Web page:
As the development of Starmancer continues in Early Access, we had a chance to chat with Starmancer’s talented composer, Dirk Kluesing.
Dirk has been working as a Composer and Sound Designer since 2015, creating music from fantasy orchestral to deep space synth and more. Dirk’s music has been featured in retailers, indie games and short films.
Find a comfy seat, treat yourself to some Starshine and join us as we explore Dirk’s musically creative mind.
[Chucklefish] – Hey Dirk, thanks for taking the time to chat with me. I’m loving the Starmancer OST and already find myself humming along while playing it. I’m curious, how did you join the Starmancer project?
[Dirk] – I first found out about Starmancer when they launched their Kickstarter campaign. I was immediately drawn to Victor’s art and when I discovered that one of the stretch goals was to hire a composer and sound designer I started working on some music demos right away. I guess they really liked the demos, and after a few more emails and a sound design test we started working on a contract. Maybe it helped that me and Tyler were both from Michigan. I think maybe his brother and I even went to the same college (Michigan Technological University). Small world.
[Chucklefish] – Small world indeed! What influences, from music and beyond, did you tap into for the Starmancer OST? I imagine Victor’s art did more than draw you in.
[Dirk] – Around the same time I discovered Starmancer, Surviving Mars had just been released and that game had a phenomenal soundtrack. I don’t think it influenced me much when creating the Starmancer OST, but it definitely got me motivated to make some sweet sci-fi, spacey tunes. The art of Starmancer was really the biggest influence to me when creating the soundtrack.
[Chucklefish] – Identifying those influences seems to be a key part of the process. What part of the music-making process do you enjoy the most?
[Dirk] – Starting a new song is always my favorite part of writing. Testing different sounds, messing around with synths, finding the perfect melody… all that stuff is super exciting to me.
[Chucklefish] – And what presents the biggest challenge?
[Dirk] – I’ve found that each new song provides a different challenge. Maybe the most frequent one that I run into is deciding when to just call it finished. If I work too long on a song I can start to hear problems that might not really be there, and in fixing those problems, I create new, actual problems. At the very least if you’re stuck on a song for a while, taking a break for a few days or weeks can make the world of difference when you come back to it.
[Chucklefish] – As a writer, I totally understand the balance of being a perfectionist and knowing when to stop. Looking at the tracklist, which track in the Starmancer OST holds a special place for you and why?
[Dirk] – ‘Deep Space’ and ‘Space Station 14’ are what became of the original 2 demos that I sent to Ominux Games, so those will always be special to me. Other than those, though, I have fond memories of working on ‘Daydreams of a Colonist’. I don’t know why I remember that one specifically. And I really like the middle part of ‘Zenith’, the flute-sounding synth and interplay of melodies is probably one of my favorite things about the Starmancer soundtrack.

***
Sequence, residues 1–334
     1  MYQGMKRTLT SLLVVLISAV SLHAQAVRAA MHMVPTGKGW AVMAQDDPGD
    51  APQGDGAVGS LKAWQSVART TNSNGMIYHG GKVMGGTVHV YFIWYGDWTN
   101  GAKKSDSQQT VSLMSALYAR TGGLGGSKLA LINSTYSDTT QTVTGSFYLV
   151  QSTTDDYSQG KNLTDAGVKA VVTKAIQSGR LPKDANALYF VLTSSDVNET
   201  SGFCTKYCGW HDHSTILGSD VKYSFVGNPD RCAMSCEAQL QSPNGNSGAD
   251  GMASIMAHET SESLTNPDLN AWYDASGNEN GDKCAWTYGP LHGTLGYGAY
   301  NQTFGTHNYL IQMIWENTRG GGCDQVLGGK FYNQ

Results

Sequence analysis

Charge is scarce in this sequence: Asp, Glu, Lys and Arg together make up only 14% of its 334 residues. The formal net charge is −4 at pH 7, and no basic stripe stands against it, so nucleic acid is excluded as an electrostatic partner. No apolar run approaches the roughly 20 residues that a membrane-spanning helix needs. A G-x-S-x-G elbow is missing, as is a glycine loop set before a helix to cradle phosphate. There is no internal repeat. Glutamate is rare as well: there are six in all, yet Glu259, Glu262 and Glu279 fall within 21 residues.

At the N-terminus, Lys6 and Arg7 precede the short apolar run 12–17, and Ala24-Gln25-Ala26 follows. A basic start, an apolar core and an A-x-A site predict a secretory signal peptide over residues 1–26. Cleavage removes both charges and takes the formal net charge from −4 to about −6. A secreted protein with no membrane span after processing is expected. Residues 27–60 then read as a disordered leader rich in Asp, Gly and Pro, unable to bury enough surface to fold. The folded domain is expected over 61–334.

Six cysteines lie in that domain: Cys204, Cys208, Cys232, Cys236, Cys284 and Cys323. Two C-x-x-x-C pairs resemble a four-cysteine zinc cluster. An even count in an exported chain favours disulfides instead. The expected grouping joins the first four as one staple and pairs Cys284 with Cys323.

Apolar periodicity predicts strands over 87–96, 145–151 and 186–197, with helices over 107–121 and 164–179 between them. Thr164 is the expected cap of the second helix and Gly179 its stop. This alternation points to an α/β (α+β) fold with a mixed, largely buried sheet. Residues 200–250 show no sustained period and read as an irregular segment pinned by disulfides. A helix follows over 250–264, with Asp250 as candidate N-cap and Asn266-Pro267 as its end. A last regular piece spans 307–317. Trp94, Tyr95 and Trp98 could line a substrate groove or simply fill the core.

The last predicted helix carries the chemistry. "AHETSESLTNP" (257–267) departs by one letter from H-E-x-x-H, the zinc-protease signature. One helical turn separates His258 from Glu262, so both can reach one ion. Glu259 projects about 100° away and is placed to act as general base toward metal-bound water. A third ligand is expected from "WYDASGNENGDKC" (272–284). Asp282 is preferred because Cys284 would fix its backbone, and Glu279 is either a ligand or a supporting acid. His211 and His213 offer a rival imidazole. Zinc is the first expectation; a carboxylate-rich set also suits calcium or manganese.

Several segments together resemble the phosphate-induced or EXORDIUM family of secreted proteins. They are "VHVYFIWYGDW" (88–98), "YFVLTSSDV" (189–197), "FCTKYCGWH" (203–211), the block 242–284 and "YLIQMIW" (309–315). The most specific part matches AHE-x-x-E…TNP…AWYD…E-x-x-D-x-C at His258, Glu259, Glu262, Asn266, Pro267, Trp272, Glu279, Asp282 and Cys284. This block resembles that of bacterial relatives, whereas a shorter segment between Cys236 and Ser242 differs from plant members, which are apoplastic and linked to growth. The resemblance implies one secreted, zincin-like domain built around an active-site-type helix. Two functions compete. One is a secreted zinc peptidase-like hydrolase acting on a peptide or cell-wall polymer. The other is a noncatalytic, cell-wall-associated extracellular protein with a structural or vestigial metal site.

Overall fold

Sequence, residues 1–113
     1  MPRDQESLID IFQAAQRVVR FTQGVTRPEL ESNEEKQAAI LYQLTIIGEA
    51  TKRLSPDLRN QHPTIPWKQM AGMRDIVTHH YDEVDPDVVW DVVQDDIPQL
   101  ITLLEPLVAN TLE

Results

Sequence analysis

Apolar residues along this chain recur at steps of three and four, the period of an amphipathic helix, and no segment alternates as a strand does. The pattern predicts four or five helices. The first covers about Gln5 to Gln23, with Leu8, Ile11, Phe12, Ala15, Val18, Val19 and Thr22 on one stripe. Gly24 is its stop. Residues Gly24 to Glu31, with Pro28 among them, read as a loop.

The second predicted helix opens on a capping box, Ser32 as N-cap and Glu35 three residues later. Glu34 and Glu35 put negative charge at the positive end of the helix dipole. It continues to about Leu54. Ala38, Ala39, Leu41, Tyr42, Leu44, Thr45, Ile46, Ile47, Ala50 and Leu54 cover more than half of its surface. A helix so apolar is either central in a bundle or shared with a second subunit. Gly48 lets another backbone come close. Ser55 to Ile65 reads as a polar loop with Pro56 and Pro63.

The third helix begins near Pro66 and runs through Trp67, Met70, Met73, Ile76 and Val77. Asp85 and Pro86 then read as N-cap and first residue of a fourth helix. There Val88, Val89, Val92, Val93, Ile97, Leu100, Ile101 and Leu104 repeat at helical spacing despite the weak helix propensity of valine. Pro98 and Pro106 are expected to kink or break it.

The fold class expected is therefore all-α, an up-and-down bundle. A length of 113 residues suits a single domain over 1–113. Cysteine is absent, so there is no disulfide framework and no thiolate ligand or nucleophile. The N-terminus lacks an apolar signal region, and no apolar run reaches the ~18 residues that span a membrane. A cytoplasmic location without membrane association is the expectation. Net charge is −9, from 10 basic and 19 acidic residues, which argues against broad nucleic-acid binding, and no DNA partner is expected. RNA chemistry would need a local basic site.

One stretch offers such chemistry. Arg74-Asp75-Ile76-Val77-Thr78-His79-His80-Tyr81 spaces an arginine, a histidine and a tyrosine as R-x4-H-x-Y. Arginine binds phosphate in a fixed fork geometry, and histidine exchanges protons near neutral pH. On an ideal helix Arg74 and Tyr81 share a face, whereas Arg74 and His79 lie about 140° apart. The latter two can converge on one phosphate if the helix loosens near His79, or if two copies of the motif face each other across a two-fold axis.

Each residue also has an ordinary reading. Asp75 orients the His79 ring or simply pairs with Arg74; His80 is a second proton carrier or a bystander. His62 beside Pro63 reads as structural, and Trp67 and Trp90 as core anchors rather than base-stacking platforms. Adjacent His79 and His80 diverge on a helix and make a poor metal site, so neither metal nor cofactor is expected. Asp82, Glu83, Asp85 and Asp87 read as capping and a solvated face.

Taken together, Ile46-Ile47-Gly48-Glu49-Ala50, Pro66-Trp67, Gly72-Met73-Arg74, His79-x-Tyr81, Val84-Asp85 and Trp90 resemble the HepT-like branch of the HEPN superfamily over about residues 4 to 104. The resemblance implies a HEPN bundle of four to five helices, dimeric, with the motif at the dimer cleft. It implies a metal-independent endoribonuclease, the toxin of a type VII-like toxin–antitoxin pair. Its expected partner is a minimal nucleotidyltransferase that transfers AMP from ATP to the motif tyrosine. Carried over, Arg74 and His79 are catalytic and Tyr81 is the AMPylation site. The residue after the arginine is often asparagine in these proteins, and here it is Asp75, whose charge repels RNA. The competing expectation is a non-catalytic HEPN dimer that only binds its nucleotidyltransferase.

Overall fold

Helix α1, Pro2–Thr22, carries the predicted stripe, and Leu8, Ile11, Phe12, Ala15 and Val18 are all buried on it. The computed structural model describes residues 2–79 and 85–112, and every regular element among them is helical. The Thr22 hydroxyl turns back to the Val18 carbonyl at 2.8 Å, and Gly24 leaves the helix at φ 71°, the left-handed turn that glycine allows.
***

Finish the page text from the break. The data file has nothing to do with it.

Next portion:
[Chucklefish] – ‘Daydreams of a Colonist’ has great energy to it! Music has a big impact on the player’s feelings. What did you want the player to feel through the music when playing the game?
[Dirk] – In Starmancer, you are humanity’s last chance of survival among the stars. I wanted the soundtrack to convey the vast emptiness of space and loneliness but also a sense of hope. Since you are a sentient AI, I also wanted to limit the amount of “human” elements in the music. The soundtrack is almost entirely composed of synthesizers with no ‘real’ instruments to be heard. I made a choice early on to not add any percussion elements either; ‘Star Dancer’ and ‘Breach’ are the only exceptions.
[Chucklefish] – I definitely feel the lonely vacuum of space that you’re talking about. You captured it well. Now for a little curveball. If you had the opportunity to have your consciousness uploaded onto a computer and implanted into living or synthetic bodies, would you do it?
[Dirk] – I hope I never have to make that choice….
But probably, yea.
[Chucklefish] – Let’s get existential for this last one. Do you believe there’s life out there beyond Earth?
[Dirk] – I think the universe is too big for there to be no other life out there. I suspect there is more life out there than I can possibly even fathom.
[Chucklefish] – Maybe we’ll find out in the future. Thanks so much for your time Dirk. I enjoyed picking your brain and getting insight into Starmancer’s music from you. Where can our community find you to keep up with your future work?
[Dirk] – You can keep up to date with all of my work by following me on Twitter, Instagram, and Spotify. Here are all of my links: https://linktr.ee/Dirkkluesing
We hope you’ve enjoyed bopping along to the futuristic sounds of Starmancer and hearing about the process from Dirk. Bring the future of space travel to your life with the Starmancer OST, available now on Steam and Bandcamp.